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I've been struggling with this question for many, hours. Even reading the professor's proof outline, and understanding parts of it, I'm struggling with completely reproducing the proof on my own (pun unintended). His outline is in a different language, so I am translating and filling in all the technical details. My goal in this exchange is proof verification.

Set $X= \lbrace (a_n)_{n=1}^{\infty} \mid \forall n \in \mathbb{N} :a_n \in \mathbb{R} \rbrace $, the set of all infinite real sequences.

Define a metric $D$ on $X$:

$D((a_n)_{n=1}^{\infty},(b_n)_{n=1}^{\infty}) := \underset{n}{\sup} \lbrace\bar d(a_n,b_n)/n\rbrace$

Where $\bar d(a,b):=\min \lbrace |a-b|,1\rbrace $, for any $a,b \in\mathbb{R}$.

Prove that $(X,D)$ is a complete metric space.

I know that I need to show that every Cauchy sequence in $(X,D)$ converges in $(X,D)$.

So, given a Cauchy sequence, $\bar x_n = \lbrace x_n^i \rbrace _{i=1} ^\infty$, I imagine setting up an infinite square matrix, where the $n^{th}$ column is the $n^{th}$ sequence in $\bar x_n$ and the $i^{th}$ row is a sequence of all the $i^{th}$ elements in each sequence.

  1. First, I want to show that every row sequence $\lbrace x_n^i \rbrace _{n=1}^\infty $, is Cauchy. I'm not sure if I did this correctly.

Let $i \in \mathbb{N}$ be arbitrary. Since $\bar x_n$ is Cauchy, for every $\epsilon > 0$, there exists $N\in \mathbb{N}$ such that for any $m>n>N$:

$D(\bar x_n,\bar x_m)= \underset{i}{\sup} \lbrace\bar d(x_n^i , x_m^i)/i\rbrace = \underset{i}{\sup} \lbrace \min(|x_n^i-x_n^i|,1)/i\rbrace<\epsilon /i$.
It follows that $\forall m>n>N: |x^i_n - x^i_m|/i<\epsilon /i$.
$\implies |x^i_n - x^i_m|<\epsilon$, proving that $\lbrace x_n^i \rbrace _{n=1}^\infty $, is Cauchy in $\mathbb{R}$.
Since $(\mathbb{R},|\cdot|)$ is complete, $\forall i \in \mathbb{N}, \lbrace x_n^i \rbrace _{n=1}^\infty \overset{n \rightarrow \infty}{\longrightarrow} L_i < \infty$.

$ $

  1. Next, define $L= \lbrace L_i \rbrace _{i=1}^\infty$. Showing that $ \underset{n \rightarrow \infty}{\lim {\bar x_n}=L}$ completes the proof.

Let $\epsilon >0$ be arbitrary. Set $K > \epsilon^{-1}.$ Since $\forall i \in \mathbb{N} : \underset{n \rightarrow \infty}{\lim} x_n^i=L_i $, there exists $N$ such that $\forall n>N$:

$\forall 1\leq i \leq K : |x_n^i-L_i| < i \epsilon \implies |x_n^i-L_i|/ i < \epsilon \implies \underset{ 1\leq i \leq K}{\sup} \lbrace \bar d(x_n^i , L_i)/i\rbrace < \epsilon$
$\forall i > K : i > \epsilon^{-1} \implies 1/i < \epsilon \implies \underset{i>K}{\sup} \lbrace \bar d(x_n^i , L_i)/i\rbrace < \epsilon$

Finally implying $D(\lbrace x_n^i \rbrace _{i=1}^\infty, \lbrace L_i \rbrace _{i=1}^\infty) < \epsilon \implies D(\bar x_n, L) < \epsilon$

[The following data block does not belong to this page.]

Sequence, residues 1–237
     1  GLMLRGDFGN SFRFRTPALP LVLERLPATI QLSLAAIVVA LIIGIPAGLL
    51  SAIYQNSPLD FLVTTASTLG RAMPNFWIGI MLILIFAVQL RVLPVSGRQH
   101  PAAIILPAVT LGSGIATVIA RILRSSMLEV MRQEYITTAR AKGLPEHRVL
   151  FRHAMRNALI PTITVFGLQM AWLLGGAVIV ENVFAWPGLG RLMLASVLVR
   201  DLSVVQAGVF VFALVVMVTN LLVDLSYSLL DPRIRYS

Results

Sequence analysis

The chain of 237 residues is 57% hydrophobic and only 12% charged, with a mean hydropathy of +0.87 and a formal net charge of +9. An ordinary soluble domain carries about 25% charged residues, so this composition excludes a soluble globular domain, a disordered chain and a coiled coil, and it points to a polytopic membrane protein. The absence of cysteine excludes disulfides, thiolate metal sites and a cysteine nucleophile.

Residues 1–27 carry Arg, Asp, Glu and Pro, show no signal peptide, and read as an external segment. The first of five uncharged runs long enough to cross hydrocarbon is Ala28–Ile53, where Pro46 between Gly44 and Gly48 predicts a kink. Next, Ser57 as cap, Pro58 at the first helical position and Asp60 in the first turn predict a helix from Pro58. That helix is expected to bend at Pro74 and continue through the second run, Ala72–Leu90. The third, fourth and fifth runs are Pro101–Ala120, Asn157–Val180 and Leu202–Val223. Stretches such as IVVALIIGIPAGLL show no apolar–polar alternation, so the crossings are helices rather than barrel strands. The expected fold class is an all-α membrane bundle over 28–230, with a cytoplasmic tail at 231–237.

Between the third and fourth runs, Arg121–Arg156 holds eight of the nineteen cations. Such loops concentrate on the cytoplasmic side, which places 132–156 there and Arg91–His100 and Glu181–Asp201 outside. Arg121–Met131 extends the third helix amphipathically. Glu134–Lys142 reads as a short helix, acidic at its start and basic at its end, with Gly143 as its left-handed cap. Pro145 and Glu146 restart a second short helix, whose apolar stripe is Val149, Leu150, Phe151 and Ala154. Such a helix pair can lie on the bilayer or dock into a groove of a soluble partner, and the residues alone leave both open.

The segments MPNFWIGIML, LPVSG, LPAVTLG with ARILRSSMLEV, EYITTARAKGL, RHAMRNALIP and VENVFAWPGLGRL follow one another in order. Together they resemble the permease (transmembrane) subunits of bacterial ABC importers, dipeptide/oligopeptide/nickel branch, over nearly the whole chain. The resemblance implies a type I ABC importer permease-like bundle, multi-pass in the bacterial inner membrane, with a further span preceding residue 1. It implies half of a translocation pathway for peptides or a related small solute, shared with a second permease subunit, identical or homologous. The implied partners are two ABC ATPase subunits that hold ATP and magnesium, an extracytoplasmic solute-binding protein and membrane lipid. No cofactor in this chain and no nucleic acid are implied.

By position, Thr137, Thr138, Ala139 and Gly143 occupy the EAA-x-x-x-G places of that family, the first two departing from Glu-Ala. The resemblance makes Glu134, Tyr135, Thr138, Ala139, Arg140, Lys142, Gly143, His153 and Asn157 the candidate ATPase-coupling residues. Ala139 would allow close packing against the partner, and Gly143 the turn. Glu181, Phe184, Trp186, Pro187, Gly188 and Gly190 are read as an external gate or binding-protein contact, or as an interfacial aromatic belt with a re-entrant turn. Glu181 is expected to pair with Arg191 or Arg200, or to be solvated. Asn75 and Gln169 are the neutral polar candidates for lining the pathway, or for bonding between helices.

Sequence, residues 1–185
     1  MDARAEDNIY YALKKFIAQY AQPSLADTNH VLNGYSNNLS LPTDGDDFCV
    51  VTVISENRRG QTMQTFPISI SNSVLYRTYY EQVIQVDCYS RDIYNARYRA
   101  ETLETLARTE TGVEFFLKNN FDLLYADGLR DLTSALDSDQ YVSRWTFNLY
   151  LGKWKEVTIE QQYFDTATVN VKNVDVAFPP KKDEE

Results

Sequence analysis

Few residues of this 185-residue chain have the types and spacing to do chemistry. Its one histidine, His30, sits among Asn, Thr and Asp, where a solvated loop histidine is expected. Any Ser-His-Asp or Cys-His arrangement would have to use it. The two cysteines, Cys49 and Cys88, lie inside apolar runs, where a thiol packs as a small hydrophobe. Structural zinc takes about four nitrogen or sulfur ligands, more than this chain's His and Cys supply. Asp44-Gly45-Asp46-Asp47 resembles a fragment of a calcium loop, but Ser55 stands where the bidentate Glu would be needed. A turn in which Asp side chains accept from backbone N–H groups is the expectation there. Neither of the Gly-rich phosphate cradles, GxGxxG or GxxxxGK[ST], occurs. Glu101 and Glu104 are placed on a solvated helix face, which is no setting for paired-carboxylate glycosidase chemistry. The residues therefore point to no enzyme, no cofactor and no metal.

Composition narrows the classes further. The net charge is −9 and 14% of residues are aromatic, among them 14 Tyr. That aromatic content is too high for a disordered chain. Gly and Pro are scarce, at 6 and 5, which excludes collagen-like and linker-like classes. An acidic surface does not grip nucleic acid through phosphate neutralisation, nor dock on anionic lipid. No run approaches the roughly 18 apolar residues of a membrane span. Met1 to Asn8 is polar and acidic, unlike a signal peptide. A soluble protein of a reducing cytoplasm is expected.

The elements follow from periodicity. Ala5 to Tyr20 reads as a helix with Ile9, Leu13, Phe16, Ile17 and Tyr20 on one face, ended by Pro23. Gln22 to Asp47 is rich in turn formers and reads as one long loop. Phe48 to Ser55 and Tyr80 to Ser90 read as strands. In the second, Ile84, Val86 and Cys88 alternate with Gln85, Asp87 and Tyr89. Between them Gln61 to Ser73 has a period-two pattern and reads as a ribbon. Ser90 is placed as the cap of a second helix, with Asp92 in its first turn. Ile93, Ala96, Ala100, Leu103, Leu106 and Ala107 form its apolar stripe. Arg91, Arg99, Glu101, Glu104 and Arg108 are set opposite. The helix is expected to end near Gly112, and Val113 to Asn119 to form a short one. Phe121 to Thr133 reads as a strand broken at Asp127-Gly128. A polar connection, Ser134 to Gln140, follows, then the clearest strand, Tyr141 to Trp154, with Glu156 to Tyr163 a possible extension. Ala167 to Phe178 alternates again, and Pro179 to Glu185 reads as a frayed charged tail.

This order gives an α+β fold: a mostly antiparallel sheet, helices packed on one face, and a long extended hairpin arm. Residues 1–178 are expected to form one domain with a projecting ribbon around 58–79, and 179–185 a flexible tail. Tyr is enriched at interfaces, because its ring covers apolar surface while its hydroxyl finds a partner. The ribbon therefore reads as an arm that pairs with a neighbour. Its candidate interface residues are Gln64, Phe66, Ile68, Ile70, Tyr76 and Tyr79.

Q.E.D
Wow, this took a very long time to write. ANY feedback would be appreciated.

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  • $\begingroup$ Your proof is okay, just remember not to use $i$ as an index right after you have fixed it as in "Let $i\in\mathbb{N}$ be arbitrary...". $\endgroup$ – SEBASTIAN VARGAS LOAIZA Jul 26 '18 at 22:56
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Here's an outline:

  1. Let $\bigl(x(n)\bigr)_{n\in\mathbb N}$ be a Cauchy sequence of elements of your space. In particular, for each $n\in\mathbb N$, $x(n)$ is a sequence $\bigl(x(n)_k\bigr)_{k\in\mathbb N}$ of real numbers.
  2. For each $k\in\mathbb N$, prove that the sequence $\bigl(x(n)_k\bigr)_{n\in\mathbb N}$ is a Cauchy sequence of real numbers. Let $x_k$ be its limit.
  3. Prove that $\lim_{n\to\infty}x(n)=(x_k)_{k\in\mathbb N}$.
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  • $\begingroup$ Great. I have the same setup as you outlined. I imagine the Cauchy sequence as an infinite matrix. Every column is an infinite series. In step 2 I need to prove every row in itself is a Cauchy sequence. This results in every row converging to xk. The “last” column composed of these limits is the limit sequence in my space. I was hoping for more details on steps 2 and 3 since these are the challenging steps. Maybe if you could explain what D and d intuitively mean, I could do it on my own. $\endgroup$ – ikoikoia Jul 24 '18 at 17:13
  • $\begingroup$ The distance $\overline d(a,b)$ is the usual distance if the numbers $a$ and $b$ are close to each other and $1$ otherwise. As far as limits (or being a Cauchy sequence) are concerned, this is the same thing as the usual didtane, but it cann never be greater than $1$. And the distance $D$ between two sequences $(a_n)_{n\in\mathbb N}$ and $(b_n)_{n\in\mathbb N}$ is small if and only if the distance between the first terms of both sequences is small. $\endgroup$ – José Carlos Santos Jul 24 '18 at 17:19
  • $\begingroup$ Would the question be very different if d was defined to always be 1? $\endgroup$ – ikoikoia Jul 24 '18 at 17:29
  • $\begingroup$ @ikoikoia It sure would. For instance, neither $\overline d$ nor $D$ would be metrics. $\endgroup$ – José Carlos Santos Jul 24 '18 at 17:35
  • $\begingroup$ How about the other way around? Why is the 1 necessary? $\endgroup$ – ikoikoia Jul 24 '18 at 17:53

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